Due to its properties, lactitol is used in certain pharmaceutical applications, in food for diabetics, low-calorie, low-fat and/or sugar-free foods such as ice cream, chocolate, hard and soft candies, baked goods, sugar-reduced preserves, chewing gums and sugar substitutes [49, 52, 57, 58]. However, due to its low sweetness, it is usually mixed with intense sweeteners [47]. Similar to other polyols, it is reckoned as safe and has been allocated an ADI “not specified” by JECFA (Table 6) [45].


Maltitol, also called 4-O-α-d-glucopyranosyl-d-glucitol (Fig. 1), is a disaccharide polyol that consists of glucose and sorbitol in equal parts and is obtained from starch, by hydrogenating maltose or very high maltose glucose syrup [1, 59, 60].

Properties and applications

Among polyols, maltitol characterizes with properties the most resembling the ones of sucrose [60, 61]. Its sweetness is clean and pleasant and amounts up to 90 % of the one attributed to sucrose, but its caloric value amounts to 2.1–2.4 kcal/g (Table 2). Maltitol is also a non-cariogenic agent, which characterizes a pleasant sweet taste that is similar to sucrose; however, due to slow absorption, the insulin response associated with its ingestion is significantly reduced [1, 10]. It has been reported that its simultaneous application with short-chain fructo-oligosaccharides in sugar-free food product formulations lowers postprandial glycemic responses [62].

It does not undergo carmelization and browning process, and it cooling effect is negligible when compared with other polyols. Besides replacing sweeteners, it can also be used as a fat substitute, as it gives a creamy texture to food [5961, 63]. Due to its low hygroscopicity and stability in high temperatures, it is used in many baked products as well as a variety of reduced calorie, reduced fat and sugar-free foods [21, 59, 60].


Maltitol absorption ranges from 5 to 80 %, but is must be preceded by hydrolysis which leads to glucose and sorbitol [1]. It is slowly digested in the small intestine, and the non-absorbed part passes to the colon where is undergoes fermentation by bacteria [64]. Although its ADI was not specified, it reveals laxative effects when consumed in amounts exceeding 25–30 g/kg body weight per day [59].

Currently, its use is approved in most countries including Canada, Europe, Australia, New Zealand and Japan, but awaits approval of Food and Drug Administration (FDA). However, US food manufacturers may use maltitol since FDA has accepted the petition concerning this compound [61].


This 6-carbon sugar alcohol is an isomer of sorbitol (Fig. 1). Mannitol is used as a reserve carbohydrate by some bacteria, fungi, brown seaweeds and some higher plants [65, 66].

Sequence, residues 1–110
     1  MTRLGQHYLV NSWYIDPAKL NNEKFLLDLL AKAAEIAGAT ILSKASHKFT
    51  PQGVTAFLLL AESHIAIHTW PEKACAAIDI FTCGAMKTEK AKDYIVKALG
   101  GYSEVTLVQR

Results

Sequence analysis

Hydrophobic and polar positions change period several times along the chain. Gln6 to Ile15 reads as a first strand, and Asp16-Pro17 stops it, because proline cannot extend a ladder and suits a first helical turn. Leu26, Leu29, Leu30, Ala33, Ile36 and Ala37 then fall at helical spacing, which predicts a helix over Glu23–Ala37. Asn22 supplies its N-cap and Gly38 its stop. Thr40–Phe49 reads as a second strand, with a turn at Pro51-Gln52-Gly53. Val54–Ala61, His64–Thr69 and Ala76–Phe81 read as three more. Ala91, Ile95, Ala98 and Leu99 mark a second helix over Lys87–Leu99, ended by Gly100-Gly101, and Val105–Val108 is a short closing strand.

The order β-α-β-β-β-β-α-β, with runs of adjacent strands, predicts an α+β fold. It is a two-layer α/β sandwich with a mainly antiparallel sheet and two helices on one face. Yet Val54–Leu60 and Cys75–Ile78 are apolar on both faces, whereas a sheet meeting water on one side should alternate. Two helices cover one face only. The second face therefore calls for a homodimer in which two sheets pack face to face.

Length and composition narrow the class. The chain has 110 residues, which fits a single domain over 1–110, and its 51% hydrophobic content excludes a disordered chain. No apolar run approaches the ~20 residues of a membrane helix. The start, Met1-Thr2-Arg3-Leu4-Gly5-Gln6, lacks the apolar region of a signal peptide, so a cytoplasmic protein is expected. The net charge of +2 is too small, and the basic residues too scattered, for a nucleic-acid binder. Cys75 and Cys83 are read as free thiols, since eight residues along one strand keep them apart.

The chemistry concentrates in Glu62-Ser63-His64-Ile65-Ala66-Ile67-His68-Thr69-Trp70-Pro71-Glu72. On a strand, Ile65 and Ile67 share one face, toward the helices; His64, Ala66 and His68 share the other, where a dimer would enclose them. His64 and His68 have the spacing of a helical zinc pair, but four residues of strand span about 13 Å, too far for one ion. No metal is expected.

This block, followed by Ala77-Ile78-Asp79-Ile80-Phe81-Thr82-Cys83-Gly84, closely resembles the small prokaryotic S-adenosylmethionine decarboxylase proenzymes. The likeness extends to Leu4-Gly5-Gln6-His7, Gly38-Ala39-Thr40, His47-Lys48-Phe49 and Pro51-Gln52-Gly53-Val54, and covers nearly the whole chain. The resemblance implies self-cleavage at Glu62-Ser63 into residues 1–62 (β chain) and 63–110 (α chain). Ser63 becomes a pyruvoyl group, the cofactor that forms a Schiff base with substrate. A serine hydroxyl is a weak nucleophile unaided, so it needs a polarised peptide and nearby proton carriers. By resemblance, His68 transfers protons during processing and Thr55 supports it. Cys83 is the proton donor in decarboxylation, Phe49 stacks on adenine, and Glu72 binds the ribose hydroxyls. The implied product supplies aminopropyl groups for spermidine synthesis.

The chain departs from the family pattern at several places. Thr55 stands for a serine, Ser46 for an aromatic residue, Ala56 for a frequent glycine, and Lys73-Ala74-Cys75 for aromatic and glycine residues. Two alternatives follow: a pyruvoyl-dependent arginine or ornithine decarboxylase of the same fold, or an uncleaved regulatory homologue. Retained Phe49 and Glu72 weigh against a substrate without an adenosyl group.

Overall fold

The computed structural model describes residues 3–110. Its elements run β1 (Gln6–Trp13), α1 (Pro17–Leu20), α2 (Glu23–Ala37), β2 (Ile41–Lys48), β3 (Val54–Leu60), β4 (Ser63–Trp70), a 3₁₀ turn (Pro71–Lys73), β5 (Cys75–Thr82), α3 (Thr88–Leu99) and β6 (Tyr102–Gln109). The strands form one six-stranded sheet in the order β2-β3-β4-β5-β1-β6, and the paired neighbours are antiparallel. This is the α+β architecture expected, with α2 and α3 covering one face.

Its production is based on the catalytic hydrogenation of glucose/fructose (1:1) mixture, obtained from invert sugar or starch, at high temperatures and pressure [6769]. However, this process characterizes with low efficiency yielding only 25 % of mannitol in the obtained mixture and a need of elaborate purification step. Thus, fermentative processes have been researched, especially with the use of heterofermentative lactic acid bacteria, resulting in a complete conversion of d-fructose into d-mannitol in mild conditions [7073]. Recently, cyanobacteria were found useful for mannitol production, mainly due to the fact that sugars are the primary products of photosynthesis [66]. As it can be found in high amounts in the exudates of certain trees, especially from Manna ash (Fraxinus ornus), figs, olives, larches, edible fungi, yeasts and seaweed, its production through extraction from natural sources is also considered [17, 65, 68, 69, 74, 75].


Mannitol is poorly absorbed, and thus, the rise in blood glucose and demand for insulin is much less than would be experienced after sucrose ingestion. It is only partially absorbed (~25 %) from the small intestine and not metabolized (Table 3). However, in the lower part of the intestinal tract, colonic bacteria can slowly metabolize some of the non-absorbed portion, and thus, consumption of doses exceeding 20 g/day might have a laxative effect [Table 6; 1, 68, 72]. The fermentation yields organic acids production, which can be utilized by human organism [14].

Properties and applications

It is about 50 % as sweet as sucrose and has a desirable cooling effect, which is efficient in masking bitter tastes [1, 17, 68]. Mannitol can be mixed with other ingredients and sweeteners what can result in a synergistic effect of better sweetness and tasting. This sugar alcohol characterizes with a pleasant taste, stability, even in high temperatures, and a high melting point (165–169° C). Thus, it is commonly used in pharmaceuticals and nutritional tablets as well as in food industry, i.e., in chocolate-flavored coating agents for ice cream and confections or “breath-freshening” and “sugar-free” products. Mannitol can be also used as a feedstock for bioethanol production [76]. As mannitol is non-hygroscopic, it is used as a bulking agent for sugar-free coatings and a dusting powder for chewing gum to prevent the gum from sticking to manufacturing equipment and wrappers [68, 77, 78].